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alix: it looks like we just missed it, guy. but schumer did say a deal has been reached for a short-term debt deal. that is the headline that we have. we will have to see what the timelines are, and any other questions that we have. in particular, what happens now? what kind of leeway does this actually give them? can they replenish the funds that they used to get us to this point, to october 18? jonathan golub of credit suisse is still with us. even if you think the debt ceiling is a nonstarter for you as an equity strategist, it does bring up the question of where do you hide. where do you get a little safety if you need it? jonathan: if you think things are really going to go wrong, the strange thing is you have no choice but to go into u.s. treasuries because for all of this hoopla about us potentially
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defaulting, which we are not going to do, the treasury is still the safest place on earth. but with an equity markets, you would buy consumer staples and health care. like you said, we have been looking at this for the last decade, where every couple of years, there is this debate, and everybody predicts the end of the world, and at the end of the day, folks in congress basically make this go away. that is what equity investors are seeing. on investors are much closer to this and watching every move. equity folks roll their eyes and say we all know this is not going to happen, and let's just get back to things. i think the fed tapering is a market risk, and i think the jobs report tomorrow is a market risk. earnings season is a market risk. but the debt ceiling probably less so. guy: let's talk about what is going to happen with earnings. we seem to be moving may be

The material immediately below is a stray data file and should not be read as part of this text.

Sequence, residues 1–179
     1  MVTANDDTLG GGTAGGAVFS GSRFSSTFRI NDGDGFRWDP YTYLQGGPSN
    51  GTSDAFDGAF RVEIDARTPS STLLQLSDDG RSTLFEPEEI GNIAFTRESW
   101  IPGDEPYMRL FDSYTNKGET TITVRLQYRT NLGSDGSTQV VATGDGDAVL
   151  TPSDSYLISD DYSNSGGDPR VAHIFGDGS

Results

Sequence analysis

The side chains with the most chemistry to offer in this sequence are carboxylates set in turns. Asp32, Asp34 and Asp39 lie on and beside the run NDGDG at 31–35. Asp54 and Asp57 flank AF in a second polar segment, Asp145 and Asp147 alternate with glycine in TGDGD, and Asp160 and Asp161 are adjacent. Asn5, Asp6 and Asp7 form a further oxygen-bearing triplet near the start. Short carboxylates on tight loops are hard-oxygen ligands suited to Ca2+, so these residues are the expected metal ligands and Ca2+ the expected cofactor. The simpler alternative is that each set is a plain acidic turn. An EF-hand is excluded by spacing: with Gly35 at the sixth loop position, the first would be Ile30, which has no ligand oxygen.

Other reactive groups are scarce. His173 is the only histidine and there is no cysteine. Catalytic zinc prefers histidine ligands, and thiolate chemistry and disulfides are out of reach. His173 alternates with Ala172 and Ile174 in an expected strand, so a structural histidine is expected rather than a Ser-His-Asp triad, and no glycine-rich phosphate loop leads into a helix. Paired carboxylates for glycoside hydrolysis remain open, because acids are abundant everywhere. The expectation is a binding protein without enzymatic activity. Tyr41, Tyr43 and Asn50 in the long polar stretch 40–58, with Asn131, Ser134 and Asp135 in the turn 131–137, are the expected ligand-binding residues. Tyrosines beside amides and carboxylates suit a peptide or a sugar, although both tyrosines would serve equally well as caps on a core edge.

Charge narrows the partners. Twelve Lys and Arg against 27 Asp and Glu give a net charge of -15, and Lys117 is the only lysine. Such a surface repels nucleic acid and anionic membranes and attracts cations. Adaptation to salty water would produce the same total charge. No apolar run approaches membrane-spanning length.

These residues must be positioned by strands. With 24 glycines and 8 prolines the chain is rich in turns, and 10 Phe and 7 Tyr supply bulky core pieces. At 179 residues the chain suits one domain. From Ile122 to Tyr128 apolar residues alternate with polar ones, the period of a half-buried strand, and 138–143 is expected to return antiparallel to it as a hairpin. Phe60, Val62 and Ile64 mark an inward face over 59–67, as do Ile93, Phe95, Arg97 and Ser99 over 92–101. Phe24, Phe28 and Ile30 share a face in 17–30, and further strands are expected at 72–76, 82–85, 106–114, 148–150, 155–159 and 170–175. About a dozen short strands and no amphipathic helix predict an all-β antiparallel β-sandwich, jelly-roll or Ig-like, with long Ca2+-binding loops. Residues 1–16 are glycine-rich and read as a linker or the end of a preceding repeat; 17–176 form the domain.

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moving maybe beyond the energy crisis, may be a -- maybe beyond the debt ceiling. who knows when they are going to ultimately come back. earnings are next, and that is something we need to think about post payrolls. there's all this pressure in the middle of the pnl. margins are going to be squeezed. we know that. is the top line going to compensate? jonathan: i am going to disagree with the way you are talking about this on the way it is being characterized. margins aren't being squeezed. costs are going up. if you have your cost go up but you are able to pass those on, you don't get a squeeze on margins. get a squeeze on costs. a big chunk of the costs of big public companies are fixed overheads. they lease equipment. they depreciate over time. those don't move up and down with the cost of oil or labor.